Since the 1930’s, mineral slurries have been used as the primary means of excavation stabilization in drilling applications [1]. These clay solutions have a density that is both higher than the surrounding ground water and have a gel strength sufficient to suspend soil particles making them ideal to stabilize open excavations. The extension of mineral slurries seemed to be an obvious choice for use in the construction of deep foundations and its use went unquestioned. However, recent studies [2-5] indicate the method of concreting, when below the water table, creates a concrete flow pattern that traps slurry on the back side of the steel reinforcement required to strengthen the foundation element. In some cases, radially projected creases extend to the shaft surface. The highly viscous, particulate laden consistency of mineral slurry means that small amounts of trapped material can have a lasting impact on the concrete to steel bond strength, concrete to soil shear capacity and durability of the affected structure. The emergence of highly engineered polymer slurries mitigates these issues to a large degree. These proprietary blends of partially hydrolyzed polyacrymalides have been shown to out-perform mineral slurries in every aspect of performance tested [3-5].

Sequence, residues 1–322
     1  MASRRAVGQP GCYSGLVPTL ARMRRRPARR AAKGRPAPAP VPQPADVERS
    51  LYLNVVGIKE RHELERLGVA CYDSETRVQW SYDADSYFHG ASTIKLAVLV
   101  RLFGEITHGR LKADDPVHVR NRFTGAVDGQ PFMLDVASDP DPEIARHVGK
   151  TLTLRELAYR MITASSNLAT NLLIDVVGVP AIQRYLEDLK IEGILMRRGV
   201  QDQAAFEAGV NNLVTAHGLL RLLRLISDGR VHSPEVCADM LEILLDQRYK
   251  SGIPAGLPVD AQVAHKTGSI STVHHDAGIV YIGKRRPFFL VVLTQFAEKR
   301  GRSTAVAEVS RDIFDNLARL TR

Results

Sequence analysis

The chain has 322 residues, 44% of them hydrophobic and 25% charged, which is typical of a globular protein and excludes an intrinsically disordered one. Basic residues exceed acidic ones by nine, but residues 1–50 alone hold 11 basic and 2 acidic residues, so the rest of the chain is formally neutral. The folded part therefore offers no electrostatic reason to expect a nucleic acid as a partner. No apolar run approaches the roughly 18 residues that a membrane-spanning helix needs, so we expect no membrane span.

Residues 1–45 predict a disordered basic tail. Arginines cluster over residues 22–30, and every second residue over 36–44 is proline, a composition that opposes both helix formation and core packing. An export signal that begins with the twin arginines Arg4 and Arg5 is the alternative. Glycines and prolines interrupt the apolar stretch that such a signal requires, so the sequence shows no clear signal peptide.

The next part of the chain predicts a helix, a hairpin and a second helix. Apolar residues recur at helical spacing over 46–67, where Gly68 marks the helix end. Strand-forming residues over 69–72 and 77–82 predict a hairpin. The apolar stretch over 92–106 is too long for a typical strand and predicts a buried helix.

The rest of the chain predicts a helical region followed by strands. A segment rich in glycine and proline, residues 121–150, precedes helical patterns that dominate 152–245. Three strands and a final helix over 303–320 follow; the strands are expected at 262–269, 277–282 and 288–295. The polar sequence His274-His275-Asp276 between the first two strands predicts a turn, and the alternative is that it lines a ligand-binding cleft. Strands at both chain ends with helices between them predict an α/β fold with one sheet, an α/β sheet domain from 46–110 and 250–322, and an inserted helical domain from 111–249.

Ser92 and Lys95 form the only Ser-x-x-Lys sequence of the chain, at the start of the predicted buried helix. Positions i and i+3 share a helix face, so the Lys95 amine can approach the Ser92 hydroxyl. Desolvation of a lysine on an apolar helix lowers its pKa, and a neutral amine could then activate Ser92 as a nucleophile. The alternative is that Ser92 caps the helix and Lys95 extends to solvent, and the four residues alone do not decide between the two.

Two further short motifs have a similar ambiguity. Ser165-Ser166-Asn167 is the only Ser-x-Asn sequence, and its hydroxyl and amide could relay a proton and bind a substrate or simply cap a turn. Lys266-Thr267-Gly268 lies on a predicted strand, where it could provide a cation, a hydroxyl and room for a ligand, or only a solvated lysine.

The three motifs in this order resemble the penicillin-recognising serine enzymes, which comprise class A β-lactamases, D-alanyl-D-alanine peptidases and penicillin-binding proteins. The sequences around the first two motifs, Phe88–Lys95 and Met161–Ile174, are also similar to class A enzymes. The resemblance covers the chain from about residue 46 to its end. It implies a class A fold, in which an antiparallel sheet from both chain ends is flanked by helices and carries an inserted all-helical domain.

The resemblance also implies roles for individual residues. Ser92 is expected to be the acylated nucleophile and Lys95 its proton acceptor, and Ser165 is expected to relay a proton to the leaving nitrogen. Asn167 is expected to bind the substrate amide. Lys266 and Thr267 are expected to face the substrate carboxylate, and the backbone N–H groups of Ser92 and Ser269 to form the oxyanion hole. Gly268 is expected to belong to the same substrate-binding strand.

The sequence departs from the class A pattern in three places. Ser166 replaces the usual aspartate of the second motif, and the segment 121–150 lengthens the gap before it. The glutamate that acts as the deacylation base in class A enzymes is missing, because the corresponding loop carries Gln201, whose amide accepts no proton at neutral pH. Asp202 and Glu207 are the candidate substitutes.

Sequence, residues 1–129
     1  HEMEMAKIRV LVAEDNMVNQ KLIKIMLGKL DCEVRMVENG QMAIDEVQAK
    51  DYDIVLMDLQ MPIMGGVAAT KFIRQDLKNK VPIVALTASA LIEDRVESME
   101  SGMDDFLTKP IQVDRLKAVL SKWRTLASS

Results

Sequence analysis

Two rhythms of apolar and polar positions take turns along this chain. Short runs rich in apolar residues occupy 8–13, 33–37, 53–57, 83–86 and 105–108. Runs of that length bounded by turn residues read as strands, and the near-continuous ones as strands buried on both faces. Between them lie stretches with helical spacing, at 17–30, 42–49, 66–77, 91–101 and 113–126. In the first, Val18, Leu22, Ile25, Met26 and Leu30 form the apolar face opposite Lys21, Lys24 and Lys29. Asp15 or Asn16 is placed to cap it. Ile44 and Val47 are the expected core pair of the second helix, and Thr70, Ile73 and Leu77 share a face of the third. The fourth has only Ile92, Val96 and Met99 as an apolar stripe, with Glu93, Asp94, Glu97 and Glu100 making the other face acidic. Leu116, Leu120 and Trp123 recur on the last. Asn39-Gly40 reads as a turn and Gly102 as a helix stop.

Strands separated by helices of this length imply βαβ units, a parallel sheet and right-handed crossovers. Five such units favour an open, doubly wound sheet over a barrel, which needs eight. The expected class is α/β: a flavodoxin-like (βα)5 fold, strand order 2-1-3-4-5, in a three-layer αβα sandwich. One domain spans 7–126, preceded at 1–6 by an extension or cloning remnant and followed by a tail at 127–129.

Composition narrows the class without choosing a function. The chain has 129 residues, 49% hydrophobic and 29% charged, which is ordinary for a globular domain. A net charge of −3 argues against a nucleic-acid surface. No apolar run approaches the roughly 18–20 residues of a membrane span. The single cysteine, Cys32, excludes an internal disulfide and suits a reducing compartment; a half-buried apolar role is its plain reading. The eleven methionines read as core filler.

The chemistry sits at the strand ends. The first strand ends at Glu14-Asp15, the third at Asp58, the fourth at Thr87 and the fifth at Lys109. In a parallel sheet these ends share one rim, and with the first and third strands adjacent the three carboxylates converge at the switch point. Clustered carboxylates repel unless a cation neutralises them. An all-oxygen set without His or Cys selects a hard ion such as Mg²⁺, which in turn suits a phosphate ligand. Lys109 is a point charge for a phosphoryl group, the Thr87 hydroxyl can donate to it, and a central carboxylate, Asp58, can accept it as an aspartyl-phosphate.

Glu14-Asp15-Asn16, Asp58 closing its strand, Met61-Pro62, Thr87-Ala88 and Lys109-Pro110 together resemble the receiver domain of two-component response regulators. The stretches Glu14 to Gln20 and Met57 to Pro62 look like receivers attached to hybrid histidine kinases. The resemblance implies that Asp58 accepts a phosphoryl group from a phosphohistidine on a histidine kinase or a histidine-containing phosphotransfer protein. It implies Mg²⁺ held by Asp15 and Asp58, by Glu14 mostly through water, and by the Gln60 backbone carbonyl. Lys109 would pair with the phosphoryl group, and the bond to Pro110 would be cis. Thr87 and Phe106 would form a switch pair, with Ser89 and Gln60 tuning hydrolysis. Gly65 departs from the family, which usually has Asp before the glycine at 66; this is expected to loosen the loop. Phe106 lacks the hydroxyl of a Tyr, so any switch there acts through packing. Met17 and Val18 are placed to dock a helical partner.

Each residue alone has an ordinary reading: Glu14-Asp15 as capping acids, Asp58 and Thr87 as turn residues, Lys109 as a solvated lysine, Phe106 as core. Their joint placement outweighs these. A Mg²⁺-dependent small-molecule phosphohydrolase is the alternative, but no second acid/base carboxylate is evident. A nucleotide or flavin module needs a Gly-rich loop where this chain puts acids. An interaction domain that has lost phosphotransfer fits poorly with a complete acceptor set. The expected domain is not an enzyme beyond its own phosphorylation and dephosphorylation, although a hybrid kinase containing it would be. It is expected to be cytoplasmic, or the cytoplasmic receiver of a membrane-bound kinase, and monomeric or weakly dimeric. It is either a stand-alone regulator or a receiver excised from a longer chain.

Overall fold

This paper discusses the results of three previous studies wherein the effect of slurry type was assessed for a specific structural parameter: (1) concrete to soil shear strength called side shear, (2) concrete to steel bond or rebar pullout capacity, and (3) durability stemming from corrosion resistance [3-5].

Background